WALSH: I think it's a good thing, political messaging, for Democrats. He's not going to recuse himself. But this notion that this court is so overtly political will only just politically help energize Democrats as it should.

Look, Laura, let's just say what Alito did is wrong here, and we may spend three hours debating the difference between the two flags. The "Appeal to Heaven" flag, different story, historical significance, groups across the political spectrum have used that flag. But to hang an upside-down American flag in your yard a few days after January 6th, that's like hanging -- putting a Trump or Biden sign in your yard, and Supreme Court justices cannot give the appearance of being political.

HAQ: Well, apparently, they can. That's part of the problem because there is no independent body, independent oversight.

WALSH: Right.

HAQ: That entire idea of checks and balances on a system, who's checking the Supreme Court when they decide to get overt on their politics, when they decide to start tackling day-to-day issues and not looking at the long-term health of the country? The idea that Alito would or would not recuse himself as opposed to somebody else coming in and saying, there's an ethical boundary here, you should not be part of this, it goes further. It goes with Clarence Thomas, Justice Thomas. I mean, his wife was part of planning January 6th. And it no longer seems to be a question of him sticking around for these cases either.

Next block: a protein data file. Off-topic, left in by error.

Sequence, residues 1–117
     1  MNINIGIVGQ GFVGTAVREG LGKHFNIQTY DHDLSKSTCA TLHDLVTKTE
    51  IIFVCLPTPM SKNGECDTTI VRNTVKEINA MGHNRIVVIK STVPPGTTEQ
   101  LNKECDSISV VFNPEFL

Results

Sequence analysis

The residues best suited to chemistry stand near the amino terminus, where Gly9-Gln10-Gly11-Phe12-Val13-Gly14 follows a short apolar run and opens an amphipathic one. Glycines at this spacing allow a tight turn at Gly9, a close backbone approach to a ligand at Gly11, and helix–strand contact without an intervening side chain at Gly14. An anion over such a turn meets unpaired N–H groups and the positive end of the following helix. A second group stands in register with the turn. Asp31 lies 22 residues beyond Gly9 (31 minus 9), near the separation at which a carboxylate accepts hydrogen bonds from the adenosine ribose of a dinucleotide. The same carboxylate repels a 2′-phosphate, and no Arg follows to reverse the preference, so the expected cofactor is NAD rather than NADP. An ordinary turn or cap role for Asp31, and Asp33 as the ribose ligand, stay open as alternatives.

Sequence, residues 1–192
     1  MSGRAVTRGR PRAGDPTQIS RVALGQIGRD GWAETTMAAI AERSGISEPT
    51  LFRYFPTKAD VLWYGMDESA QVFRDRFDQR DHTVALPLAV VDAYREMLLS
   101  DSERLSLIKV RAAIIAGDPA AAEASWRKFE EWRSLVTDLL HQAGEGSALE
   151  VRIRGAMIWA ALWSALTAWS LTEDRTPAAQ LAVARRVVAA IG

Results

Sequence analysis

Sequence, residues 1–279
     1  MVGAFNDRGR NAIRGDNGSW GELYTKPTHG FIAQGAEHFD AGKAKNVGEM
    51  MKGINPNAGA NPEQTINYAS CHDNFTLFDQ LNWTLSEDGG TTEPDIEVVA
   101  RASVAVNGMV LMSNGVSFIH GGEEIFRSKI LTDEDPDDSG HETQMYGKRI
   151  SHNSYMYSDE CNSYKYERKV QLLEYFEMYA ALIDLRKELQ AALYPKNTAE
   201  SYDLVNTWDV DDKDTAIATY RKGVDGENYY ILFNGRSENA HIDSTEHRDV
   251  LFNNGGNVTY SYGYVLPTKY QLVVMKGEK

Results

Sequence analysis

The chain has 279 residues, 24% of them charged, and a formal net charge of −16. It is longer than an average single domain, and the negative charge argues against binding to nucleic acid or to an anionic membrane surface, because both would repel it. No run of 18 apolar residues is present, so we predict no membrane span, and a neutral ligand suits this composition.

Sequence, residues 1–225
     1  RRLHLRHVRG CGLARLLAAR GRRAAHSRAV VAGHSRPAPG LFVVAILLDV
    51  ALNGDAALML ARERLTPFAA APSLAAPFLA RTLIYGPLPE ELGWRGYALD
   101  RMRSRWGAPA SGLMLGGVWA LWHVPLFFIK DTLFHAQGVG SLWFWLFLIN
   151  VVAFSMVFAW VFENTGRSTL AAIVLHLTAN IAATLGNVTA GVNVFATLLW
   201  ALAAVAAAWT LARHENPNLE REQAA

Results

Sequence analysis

COATES: Listen to what president -- former President Trump had to say. He is weighing in on this issue tonight. Listen.



TRUMP: Well, they're trying to play the ref. Alito is a tough guy and he's strong and very, very smart and he put out a great statement. I gave him a lot of credit for it, but they play the ref. You know, they intimidate him."


COATES: Do you think that Alito is intimidated? He came out and talked about it. First of all, he has got the benefit of having lifetime tenure. And like Nayyera's point, unlike even the other Article III judges who also have lifetime tenure at the federal bench, there is not that requirement to recuse. There is, you know, it's good to be the king, and the buck stops with them.

WALSH: He feels like he's untouchable. Clarence Thomas feels like he's untouchable. This is a dangerous place for this court to be in. Laura, I don't know where the chief justice is. Roberts has got to step in. I know. You should roll your eyes at me. But should step in and do something here because they're not going to police themselves.

COATES: One thing to keep in mind is even though he has held the chief justice, it's not as if he's the most senior --

WALSH: Yeah.

COATES: -- member of the Supreme Court. That position is filled by the next person. If he were to not be there any longer, that next person would become the chief justice. There is a kind of democratizing of that particular position.